Tubed, and tubeless tires, what makes one better than the other? Generally, newer motorcycles nowadays run on tubeless tires with the biggest difference between really the two is well, the tube. However, while for cars, tubed tires are considered a thing of the past, for motorcycles, they still find its application on certain types of bikes. Theoretically, it’s possible to swap a tubeless tire with a tubed tire but nonetheless, not recommended and really, impractical to do so. To give you a better understanding, of their difference, we must look at where they’re commonly used, its construction, and what bikes use them.
As mentioned earlier, most modern motorcycles now run on tubeless tires. However, certain types of motorcycles still necessitate the use of tubed tires for their particular purpose. Tubed tires are made up of two components, an exterior which is what you see, and an interior tube, which is separate from the tire itself and is used to hold the air giving the tire its shape.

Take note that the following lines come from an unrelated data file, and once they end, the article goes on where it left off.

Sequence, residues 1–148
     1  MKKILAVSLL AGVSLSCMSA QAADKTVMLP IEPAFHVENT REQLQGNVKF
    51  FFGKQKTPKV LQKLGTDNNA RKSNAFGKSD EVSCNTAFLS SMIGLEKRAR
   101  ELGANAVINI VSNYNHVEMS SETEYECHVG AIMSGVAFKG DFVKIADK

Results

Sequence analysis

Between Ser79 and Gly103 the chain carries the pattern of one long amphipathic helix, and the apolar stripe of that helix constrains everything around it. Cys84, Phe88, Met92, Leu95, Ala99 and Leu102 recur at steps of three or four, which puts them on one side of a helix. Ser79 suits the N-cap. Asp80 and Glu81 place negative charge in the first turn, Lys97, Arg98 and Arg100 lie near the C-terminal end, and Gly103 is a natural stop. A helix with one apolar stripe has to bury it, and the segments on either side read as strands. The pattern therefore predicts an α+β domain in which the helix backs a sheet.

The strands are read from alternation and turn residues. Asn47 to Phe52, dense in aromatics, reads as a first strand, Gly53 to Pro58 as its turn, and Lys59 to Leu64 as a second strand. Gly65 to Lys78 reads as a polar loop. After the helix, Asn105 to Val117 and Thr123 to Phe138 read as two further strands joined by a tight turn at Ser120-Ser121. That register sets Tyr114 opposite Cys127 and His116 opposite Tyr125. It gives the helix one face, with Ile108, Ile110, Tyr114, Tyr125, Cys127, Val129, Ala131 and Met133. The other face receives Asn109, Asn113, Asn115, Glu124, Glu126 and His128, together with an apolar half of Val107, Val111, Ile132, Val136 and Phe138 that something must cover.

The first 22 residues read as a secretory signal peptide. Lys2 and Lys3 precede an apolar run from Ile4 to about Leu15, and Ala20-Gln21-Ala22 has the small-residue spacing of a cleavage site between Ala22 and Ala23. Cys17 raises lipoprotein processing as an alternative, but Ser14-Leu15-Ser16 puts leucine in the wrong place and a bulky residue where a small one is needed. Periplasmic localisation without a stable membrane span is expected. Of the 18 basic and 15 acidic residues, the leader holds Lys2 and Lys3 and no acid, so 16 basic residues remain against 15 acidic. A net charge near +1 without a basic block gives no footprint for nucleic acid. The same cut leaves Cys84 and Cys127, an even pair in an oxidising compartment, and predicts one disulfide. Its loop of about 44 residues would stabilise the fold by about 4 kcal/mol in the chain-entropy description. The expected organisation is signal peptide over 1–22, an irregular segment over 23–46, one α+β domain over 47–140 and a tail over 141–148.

The exterior tire must be tough enough to endure riding great distances and withstand hitting tough and uneven surfaces. The inner tube, on the other hand, must be soft enough to take shape of the tire and for it to be easily inserted into the tire itself.
Tubed tires are typically used for motorcycles meant for off-roading such as dirt bikes and adventure bikes like the Honda CRF 250 or the Africa Twin. The reason being, spoked wheels usually perform better and are more resilient on rugged terrain as compared to cast wheels running on tubeless tires. Because of their structure, they can withstand higher drops and excessive shock brought by hitting rocks and debris on the road. Tubed tires are also preferred for old school cruisers and classic looking motorcycles such as the Harley-Davidson Street-Bob or the Kawasaki W800.